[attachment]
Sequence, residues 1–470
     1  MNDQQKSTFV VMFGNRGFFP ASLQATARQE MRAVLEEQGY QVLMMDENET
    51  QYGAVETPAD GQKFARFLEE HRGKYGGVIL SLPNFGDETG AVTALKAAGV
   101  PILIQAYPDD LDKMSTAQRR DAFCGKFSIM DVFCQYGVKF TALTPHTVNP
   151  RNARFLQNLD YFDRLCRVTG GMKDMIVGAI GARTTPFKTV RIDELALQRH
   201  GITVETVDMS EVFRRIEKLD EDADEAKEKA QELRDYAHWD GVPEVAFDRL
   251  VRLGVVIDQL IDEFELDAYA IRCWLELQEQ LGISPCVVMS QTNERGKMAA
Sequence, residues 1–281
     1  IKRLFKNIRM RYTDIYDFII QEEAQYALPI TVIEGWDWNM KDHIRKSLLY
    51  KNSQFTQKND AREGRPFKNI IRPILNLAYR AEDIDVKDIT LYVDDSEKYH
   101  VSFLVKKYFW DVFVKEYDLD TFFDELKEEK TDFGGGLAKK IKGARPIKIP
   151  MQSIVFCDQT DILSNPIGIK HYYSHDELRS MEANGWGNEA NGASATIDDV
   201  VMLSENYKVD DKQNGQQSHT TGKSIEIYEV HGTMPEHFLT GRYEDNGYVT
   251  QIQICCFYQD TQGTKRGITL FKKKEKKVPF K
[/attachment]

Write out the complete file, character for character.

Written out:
Sequence, residues 1–470
     1  MNDQQKSTFV VMFGNRGFFP ASLQATARQE MRAVLEEQGY QVLMMDENET
    51  QYGAVETPAD GQKFARFLEE HRGKYGGVIL SLPNFGDETG AVTALKAAGV
   101  PILIQAYPDD LDKMSTAQRR DAFCGKFSIM DVFCQYGVKF TALTPHTVNP
   151  RNARFLQNLD YFDRLCRVTG GMKDMIVGAI GARTTPFKTV RIDELALQRH
   201  GITVETVDMS EVFRRIEKLD EDADEAKEKA QELRDYAHWD GVPEVAFDRL
   251  VRLGVVIDQL IDEFELDAYA IRCWLELQEQ LGISPCVVMS QTNERGKMAA
Sequence, residues 1–281
     1  IKRLFKNIRM RYTDIYDFII QEEAQYALPI TVIEGWDWNM KDHIRKSLLY
    51  KNSQFTQKND AREGRPFKNI IRPILNLAYR AEDIDVKDIT LYVDDSEKYH
   101  VSFLVKKYFW DVFVKEYDLD TFFDELKEEK TDFGGGLAKK IKGARPIKIP
   151  MQSIVFCDQT DILSNPIGIK HYYSHDELRS MEANGWGNEA NGASATIDDV
   201  VMLSENYKVD DKQNGQQSHT TGKSIEIYEV HGTMPEHFLT GRYEDNGYVT
   251  QIQICCFYQD TQGTKRGITL FKKKEKKVPF K